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Mo Li: Responsive Magnetoplasmonic Imaging Agents and Molecular Rulers


Integrating inorganic semiconductor microelectronic devices on polymer films can combine the high electrical performance of the former and the mechanical flexibility of the latteri . The resultant flexible electronic systems have already demonstrated tremendous success in applications ranging from consumer electronics, biomedical and bio-inspired devices to thin film photovoltaics. In this seed program, we propose to develop flexible silicon photonics on polymer film substrate which can be heterogeneously integrated with active photonic devices made in III-V semiconductors. Our approach is to mechanically transfer integrated silicon photonic devices from the standard crystalline substrate to a flexible and transparent polymer film. We have recently developed techniques that can achieve this transfer with high precision and consistency. The transfer process is generic in that it only utilizes interfacial forces without the use of any adhesives. Therefore it is suited to a wide range of materials and can be applied repeatedly for multilayer integration.

Optical and SEM images of silicon waveguides and ring resonator devices after being transferred to a PDMS film by the SPT process.

Optical and SEM images of silicon waveguides and ring resonator devices after being transferred to a PDMS film by the SPT process. No deformation and displacement of the devices are noticeable.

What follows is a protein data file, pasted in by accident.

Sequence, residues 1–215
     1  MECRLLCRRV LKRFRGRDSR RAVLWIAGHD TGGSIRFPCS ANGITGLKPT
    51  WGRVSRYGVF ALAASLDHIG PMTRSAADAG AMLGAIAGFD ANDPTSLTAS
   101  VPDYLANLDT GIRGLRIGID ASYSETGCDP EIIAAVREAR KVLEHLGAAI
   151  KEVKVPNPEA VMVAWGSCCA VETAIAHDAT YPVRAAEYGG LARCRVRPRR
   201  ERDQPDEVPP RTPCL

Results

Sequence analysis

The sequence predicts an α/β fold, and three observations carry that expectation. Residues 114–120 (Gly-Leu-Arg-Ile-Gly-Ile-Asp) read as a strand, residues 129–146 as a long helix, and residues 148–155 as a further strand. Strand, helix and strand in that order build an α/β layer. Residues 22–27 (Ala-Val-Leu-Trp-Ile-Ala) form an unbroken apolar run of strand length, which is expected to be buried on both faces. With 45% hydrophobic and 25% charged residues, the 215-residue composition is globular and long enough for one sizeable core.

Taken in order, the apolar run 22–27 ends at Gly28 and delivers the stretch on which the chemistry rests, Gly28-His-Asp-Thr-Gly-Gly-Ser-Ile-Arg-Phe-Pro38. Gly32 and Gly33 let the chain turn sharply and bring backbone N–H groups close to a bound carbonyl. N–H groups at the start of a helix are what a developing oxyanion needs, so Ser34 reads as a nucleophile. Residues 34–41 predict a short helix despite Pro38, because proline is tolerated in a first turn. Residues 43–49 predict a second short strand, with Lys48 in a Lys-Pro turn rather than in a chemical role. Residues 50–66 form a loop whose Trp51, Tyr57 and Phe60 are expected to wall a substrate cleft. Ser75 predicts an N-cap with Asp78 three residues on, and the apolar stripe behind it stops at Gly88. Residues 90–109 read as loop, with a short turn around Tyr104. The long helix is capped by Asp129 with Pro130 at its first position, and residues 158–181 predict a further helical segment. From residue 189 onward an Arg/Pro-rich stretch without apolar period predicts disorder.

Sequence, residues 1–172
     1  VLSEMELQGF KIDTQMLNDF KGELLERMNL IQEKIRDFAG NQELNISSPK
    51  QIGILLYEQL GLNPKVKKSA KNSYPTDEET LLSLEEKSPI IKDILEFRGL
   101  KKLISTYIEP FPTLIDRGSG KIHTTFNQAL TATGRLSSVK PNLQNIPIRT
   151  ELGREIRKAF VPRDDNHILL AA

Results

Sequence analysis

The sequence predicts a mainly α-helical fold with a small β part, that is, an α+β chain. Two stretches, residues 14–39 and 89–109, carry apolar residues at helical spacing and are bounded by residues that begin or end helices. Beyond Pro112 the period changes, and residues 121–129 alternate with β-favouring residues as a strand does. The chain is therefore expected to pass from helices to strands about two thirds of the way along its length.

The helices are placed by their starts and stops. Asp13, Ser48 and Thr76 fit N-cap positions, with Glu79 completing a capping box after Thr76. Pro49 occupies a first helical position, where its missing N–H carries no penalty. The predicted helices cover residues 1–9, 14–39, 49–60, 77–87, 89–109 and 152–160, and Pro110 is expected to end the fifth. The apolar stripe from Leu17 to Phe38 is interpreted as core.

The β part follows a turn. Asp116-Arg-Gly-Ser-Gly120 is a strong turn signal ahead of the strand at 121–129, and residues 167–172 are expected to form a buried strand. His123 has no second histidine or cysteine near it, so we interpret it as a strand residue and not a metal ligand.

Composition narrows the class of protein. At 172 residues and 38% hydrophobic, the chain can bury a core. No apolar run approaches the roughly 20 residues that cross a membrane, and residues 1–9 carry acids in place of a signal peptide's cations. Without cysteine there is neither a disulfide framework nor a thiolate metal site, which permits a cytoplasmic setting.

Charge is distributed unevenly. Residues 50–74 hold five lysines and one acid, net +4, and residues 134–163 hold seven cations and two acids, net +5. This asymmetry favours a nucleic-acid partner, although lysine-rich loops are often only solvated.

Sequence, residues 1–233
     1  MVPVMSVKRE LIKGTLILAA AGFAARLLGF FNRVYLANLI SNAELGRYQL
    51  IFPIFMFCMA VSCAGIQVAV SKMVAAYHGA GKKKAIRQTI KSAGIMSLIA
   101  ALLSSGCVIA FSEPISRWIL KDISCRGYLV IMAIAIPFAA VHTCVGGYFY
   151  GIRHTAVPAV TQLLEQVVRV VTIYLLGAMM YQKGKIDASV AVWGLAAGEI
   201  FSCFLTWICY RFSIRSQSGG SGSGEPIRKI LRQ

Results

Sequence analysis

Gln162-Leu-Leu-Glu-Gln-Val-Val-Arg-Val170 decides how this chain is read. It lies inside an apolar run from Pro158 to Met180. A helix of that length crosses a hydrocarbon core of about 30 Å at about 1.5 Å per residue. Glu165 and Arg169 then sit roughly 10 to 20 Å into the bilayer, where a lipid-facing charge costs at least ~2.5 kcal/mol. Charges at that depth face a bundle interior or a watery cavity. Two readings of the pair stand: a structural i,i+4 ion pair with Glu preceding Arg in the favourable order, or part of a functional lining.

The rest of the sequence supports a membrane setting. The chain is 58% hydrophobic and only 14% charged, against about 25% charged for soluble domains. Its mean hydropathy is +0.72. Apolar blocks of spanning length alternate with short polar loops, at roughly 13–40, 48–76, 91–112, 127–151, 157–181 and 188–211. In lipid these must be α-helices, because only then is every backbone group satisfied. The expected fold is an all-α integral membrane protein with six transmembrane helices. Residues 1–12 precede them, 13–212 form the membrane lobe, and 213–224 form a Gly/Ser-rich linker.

In this seed program we will achieve the following specific aims: i. Identify appropriate polymer materials as optical substrate ii. Fabricate silicon photonics on polymer films iii. Develop tunable flexible silicon photonics and optomechanical sensors iv. Demonstrate 3D heterogeneous integration of multilayer flexible photonic devices The proposed silicon-on-plastic (SOP) photonics will provide a powerful and versatile platform for highly tunable photonic devices, sensors for mechanical forces and motion, and biomechanical sensors. Further, their integration with the existing technology of flexible electronics and microfluidics will lead to a whole suite of multifunctional optoelectronic systems with a plethora of future applications.





Funded by the National Science Foundation through the University of Minnesota MRSEC under Award Number DMR-1420013


Contact Information

UMN MRSEC

435 Amundson Hall, 421 Washington Ave. SE, Minneapolis, MN, 55455

P: 612-626-0713 | F: 612-626-7805